The mystery of Marsha Mehran

A comprehensive report on Marsha’s mysterious death, written by Mr Cahal Milmo was published on the second of January 2015 by UK Independent. 

“The mystery of Marsha Mehran: The best-selling young novelist who died a recluse in a rubbish-strewn cottage on Ireland’s west coast”

According to this report, Marsha Mehran chose to be alone, cutting from the world in order to dedicate all her time to writing. for example, on a note on the door she wrote:“Do not disturb. I’m working.” And on a yellow Post It which I have in my possession, Marsha wrote “…Do not knock, I am working.”

This shows how mush she cut off with the outside world in order to work on her last two unfinished books: Pistachio Rain and The Margaret Thatcher School of Beauty. Even she neglected her health; she continued to work while she was vomiting blood, and did not go to doctor or seek help until the sickness took over her body and mind and led to her death.

However, as Mr Cahal Milmo wrote in his report, “The real reasons for her demise lie in an extraordinary story of globetrotting exile, passion and ultimately a search for identity that brought Marsha to unkempt hermitude in the westernmost limits of Europe, and an untimely death.”

Marsha was vivacious, full of life. However, the prevailing human conditions affected her, as affect all of us. In her case, parent divorce, her own divorce, social commitments and struggle to comply with, loneliness, and above all separation from her beloved country, America, due to her application for permanent residency been rejected despite her being legally married with an Irish American, and despite her being previously a permanent resident (which had been taken away from her by force and when she was still a minor and alone at an immigration department close to the Canadian border). Marsha was victim of injustice and cruelty of the Immigration Department of United State of America. While America houses millions of criminals, drug dealers, illegal immigrants, and false refugees, it could not find a place for a gifted brilliant bestseller author. I know how much she suffered; she cried, she moaned, she sobbed, and she suffered.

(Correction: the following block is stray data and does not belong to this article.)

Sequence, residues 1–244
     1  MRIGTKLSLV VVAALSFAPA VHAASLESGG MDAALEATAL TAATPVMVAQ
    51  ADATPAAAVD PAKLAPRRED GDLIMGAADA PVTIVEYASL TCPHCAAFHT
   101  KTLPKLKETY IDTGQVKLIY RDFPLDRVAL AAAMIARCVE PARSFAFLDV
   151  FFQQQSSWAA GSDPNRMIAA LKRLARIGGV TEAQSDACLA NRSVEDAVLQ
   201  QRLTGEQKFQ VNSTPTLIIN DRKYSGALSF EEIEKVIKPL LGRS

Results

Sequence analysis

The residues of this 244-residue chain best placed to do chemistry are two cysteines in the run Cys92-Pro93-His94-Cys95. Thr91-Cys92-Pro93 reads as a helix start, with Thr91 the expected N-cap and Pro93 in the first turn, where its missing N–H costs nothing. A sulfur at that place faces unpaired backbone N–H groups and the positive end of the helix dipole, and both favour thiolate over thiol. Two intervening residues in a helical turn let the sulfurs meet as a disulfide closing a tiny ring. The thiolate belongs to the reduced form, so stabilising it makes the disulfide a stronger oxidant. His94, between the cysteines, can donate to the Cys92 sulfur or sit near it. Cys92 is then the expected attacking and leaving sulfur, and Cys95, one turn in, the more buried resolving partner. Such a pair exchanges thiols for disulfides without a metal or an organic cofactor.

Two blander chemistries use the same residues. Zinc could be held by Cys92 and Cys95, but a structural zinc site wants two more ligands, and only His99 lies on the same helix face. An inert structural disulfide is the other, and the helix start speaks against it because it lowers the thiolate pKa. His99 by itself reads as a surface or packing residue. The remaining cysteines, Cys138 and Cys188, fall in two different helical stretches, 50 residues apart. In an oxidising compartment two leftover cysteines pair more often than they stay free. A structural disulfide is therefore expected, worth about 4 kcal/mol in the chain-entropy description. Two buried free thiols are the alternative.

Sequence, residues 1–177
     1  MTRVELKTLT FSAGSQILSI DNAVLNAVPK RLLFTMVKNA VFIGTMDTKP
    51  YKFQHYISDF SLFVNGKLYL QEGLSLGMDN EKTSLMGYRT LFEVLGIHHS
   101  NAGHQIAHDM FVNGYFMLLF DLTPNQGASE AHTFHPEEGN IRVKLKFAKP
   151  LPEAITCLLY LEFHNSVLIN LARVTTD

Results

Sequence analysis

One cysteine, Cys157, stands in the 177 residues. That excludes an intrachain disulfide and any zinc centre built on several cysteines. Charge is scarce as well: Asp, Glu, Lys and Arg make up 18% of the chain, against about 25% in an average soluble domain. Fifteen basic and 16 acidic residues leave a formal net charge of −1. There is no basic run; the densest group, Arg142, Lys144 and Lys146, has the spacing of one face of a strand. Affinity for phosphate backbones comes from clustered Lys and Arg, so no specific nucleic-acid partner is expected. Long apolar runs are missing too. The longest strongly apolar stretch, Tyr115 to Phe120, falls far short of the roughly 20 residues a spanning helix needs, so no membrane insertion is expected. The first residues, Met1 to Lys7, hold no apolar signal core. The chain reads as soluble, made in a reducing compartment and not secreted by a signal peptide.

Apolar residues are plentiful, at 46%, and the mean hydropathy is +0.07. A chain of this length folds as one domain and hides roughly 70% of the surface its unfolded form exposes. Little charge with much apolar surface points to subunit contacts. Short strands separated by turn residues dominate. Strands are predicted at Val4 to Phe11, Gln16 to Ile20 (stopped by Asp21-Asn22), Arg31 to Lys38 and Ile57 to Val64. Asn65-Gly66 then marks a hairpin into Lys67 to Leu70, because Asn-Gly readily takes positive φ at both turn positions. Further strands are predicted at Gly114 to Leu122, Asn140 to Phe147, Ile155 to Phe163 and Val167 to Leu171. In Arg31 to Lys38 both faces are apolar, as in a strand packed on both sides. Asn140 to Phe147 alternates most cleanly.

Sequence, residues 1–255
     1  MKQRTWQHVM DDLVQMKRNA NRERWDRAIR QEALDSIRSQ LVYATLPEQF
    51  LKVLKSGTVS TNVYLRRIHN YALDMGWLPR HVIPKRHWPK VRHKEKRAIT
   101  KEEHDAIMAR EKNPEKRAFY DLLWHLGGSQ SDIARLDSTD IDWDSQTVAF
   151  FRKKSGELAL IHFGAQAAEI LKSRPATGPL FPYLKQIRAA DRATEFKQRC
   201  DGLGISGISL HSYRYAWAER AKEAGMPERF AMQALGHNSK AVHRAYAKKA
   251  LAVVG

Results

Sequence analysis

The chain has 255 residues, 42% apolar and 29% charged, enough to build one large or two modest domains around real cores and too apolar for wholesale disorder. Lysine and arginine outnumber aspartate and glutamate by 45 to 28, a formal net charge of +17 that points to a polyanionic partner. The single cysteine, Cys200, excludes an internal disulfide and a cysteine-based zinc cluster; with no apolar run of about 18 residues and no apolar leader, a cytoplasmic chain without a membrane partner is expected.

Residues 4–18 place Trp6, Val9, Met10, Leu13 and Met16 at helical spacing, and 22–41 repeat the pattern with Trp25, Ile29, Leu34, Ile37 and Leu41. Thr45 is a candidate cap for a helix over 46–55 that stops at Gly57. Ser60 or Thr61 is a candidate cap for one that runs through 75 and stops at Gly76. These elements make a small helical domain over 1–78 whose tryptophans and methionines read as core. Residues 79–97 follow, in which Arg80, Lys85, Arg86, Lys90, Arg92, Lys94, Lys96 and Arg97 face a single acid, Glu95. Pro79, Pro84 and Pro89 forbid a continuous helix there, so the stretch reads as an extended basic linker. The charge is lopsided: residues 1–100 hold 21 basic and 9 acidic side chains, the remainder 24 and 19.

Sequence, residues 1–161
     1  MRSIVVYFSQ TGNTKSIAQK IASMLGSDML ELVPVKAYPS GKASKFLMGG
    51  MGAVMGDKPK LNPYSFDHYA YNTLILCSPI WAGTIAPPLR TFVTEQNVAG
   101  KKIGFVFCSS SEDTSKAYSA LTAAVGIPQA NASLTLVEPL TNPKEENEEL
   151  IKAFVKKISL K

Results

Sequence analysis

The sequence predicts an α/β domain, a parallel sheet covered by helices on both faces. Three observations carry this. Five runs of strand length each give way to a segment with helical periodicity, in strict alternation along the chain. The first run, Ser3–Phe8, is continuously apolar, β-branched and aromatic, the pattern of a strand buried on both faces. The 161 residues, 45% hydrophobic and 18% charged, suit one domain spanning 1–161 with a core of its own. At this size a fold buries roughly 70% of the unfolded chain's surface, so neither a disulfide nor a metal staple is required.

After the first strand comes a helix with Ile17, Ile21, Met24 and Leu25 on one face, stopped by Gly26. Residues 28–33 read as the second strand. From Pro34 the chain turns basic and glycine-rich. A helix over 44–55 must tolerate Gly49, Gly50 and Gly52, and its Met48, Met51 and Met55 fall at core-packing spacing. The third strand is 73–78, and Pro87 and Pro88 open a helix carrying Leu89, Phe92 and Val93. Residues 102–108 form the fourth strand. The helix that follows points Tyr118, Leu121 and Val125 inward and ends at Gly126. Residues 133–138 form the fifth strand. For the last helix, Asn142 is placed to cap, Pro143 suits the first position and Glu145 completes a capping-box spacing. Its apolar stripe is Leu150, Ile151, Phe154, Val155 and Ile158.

She lived eight of her teenage years in America. She was identified as a gifted child and was studying under a special educational program for exceptional children. She called America home. In an article, titled The Long Way Home, in the New York Time Magazine in 2005, she wrote:

“Christopher (her husband) and I lived for two years in a cottage in the west of Ireland. But now our days abroad are over, and we’re back in the United States. We have settled in Brooklyn, where, of all the places I’ve been, I feel most myself. I understand Brooklyn in my bones: the juxtaposition of so many voices, so many souls, so many foods, so many cultures. It is in this most American of cities that I have chosen to set down roots — because it seems to me no other place better embodies the world.”  And she was kicked from her home.


Yes, the rejection of her application was the beginning step to her demise. She became lonely wanderer, a vagabond. Travelling and living temporarily in America, Ireland and Australia. I have noticed that she has been identified as “Iranian writer” , Iranian American writer, America writer, Iranian Irish writer, or variations of Identities.

She loved American people and wanted to write about America and Americans the way she perceived them – her own contemporary version of Mark Twain’s understanding of American. Finally she became a nowhere and everywhere writer.

In Australia it is too soon for her to be called an Australian writer; not even a descent report of her death was published in Australian media. Of course if she had become a “celebrity”, she could have been known as Australian.

In Iranian she has been condemned to have been born in a Baha’i family. Ironically, her parents, even before Marsha was born, had discontinued their adherence to Baha’i religion, and Marsha was never raised as a Baha’i, or as a matter of fact, any religion. She was free to accept or reject any religion. We did not want to impose our belief upon our children.

As Mr Milmo has quoted from Mr Collins,  ‘Marsha spent her life looking for a home. She had no country; no real home for so many years.’

Perhaps, Mr Milmo is right when he wrote that Marsha ” had at last found somewhere that she called home…In Irelan”. Ireland never rejected her.